My humble verandah stands behind bars today. Stripped of freedom, its walls that earlier soaked in the morning sunshine, beckoned the birds to have their first meeting on the parapet and hugged me tight while I stretched my arms and yawned to a breath of fresh air, now, stare at me with a sheepish grin.
For security reasons and theft control, administrative authorities ordered iron grills to be fitted as ‘protective’ screen to every verandah that did not have this veil till now.
The metal grills that united to form a fourth wall appeared to me like adamant tenants who boss their landlords in claiming a property not their own. The cruel claws of the metal grids too strengthened their hold on the verandah with each passing day.
Not that my verandah nodded to this encroachment lying down. Everyday, I would be a quiet spectator to its many acts of protests. Sun rays that once uninterruptedly greeted my verandah’s benign walls, now, had to struggle through the crevasses of the barbed railings to reach them. Winds and rains too had to pay a tax at this metal gate before shaking hands with their stationary friend.
Two of my flower pots suffered. The plants complained of a deficient supply of light and air that hindered their growth. The withering leaves made me feel nothing less than a failed doctor who could not assure his patient of a speedy recovery but hid inside him a bitter truth of the latter’s imminent death.
The insensitive barricades turned a deaf ear to the many cries of the dying leaves. Unable to negotiate any further, the flowers gave up. The little saplings knew where they were heading to.
Soon, everything came to a standstill.
Two days later, a glass sheath was buckled covering the metal fencing as the final door of closure.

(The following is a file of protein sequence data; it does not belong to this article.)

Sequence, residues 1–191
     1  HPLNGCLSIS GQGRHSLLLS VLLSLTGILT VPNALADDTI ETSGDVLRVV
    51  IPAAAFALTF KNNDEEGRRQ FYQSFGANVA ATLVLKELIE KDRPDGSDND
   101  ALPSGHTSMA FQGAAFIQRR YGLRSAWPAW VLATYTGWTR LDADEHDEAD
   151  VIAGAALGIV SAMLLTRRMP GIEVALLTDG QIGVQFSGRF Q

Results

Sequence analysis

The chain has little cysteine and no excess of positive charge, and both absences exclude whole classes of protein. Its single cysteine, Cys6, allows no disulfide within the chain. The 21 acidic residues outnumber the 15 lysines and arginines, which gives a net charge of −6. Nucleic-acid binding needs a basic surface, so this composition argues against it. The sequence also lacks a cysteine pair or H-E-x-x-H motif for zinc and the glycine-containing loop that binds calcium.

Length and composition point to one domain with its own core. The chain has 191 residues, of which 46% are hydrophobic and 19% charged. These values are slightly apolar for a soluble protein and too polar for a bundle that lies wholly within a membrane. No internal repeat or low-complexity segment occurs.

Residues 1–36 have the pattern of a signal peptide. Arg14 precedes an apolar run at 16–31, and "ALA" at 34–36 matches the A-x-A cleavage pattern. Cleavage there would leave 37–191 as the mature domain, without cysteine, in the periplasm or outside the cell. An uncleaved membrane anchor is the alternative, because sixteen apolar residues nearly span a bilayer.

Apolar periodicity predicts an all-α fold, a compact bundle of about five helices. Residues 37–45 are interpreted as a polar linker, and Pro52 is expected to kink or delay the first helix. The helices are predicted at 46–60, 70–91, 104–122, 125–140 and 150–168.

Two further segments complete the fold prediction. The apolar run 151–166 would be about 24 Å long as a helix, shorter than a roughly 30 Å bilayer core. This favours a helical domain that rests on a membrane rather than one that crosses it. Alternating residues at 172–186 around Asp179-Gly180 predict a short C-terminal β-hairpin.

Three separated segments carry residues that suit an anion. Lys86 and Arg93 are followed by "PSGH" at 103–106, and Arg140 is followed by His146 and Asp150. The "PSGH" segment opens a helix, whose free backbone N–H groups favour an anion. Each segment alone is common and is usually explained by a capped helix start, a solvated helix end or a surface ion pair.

I woke up to a rainy morning the next day. As the rains lashed angrily against the newly installed transparent glass pane, the impressions that the drops left on it seemed to be like tears. To me these tears symbolised nature’s deep sorrow at being rendered incapable of showering love to the verandah dressed dry and dull.
Oh! How the partition led to terrible pain and loss. Birds did not flock to their usual address on learning that it had been fortified. They do, however, hit the glass hard with their sharp beaks every morning, in the hope of knocking the damn thing down into pieces, but in vain. Pigeons that had accumulated wooden sticks on top of the window pane of one of the adjacent verandah walls gazed helplessly without any clue. The mission to build a nest there stood incomplete… rather aborted!
The sturdy walls of my verandah had sheltered shy leaves, parented mischievous cats that would often steal quick afternoon naps on its lap and guarded timid birds on days of storms and heavy rains.
Orphaned, my verandah is lifeless…
The fourth wall like a heartless step mother has broken the family.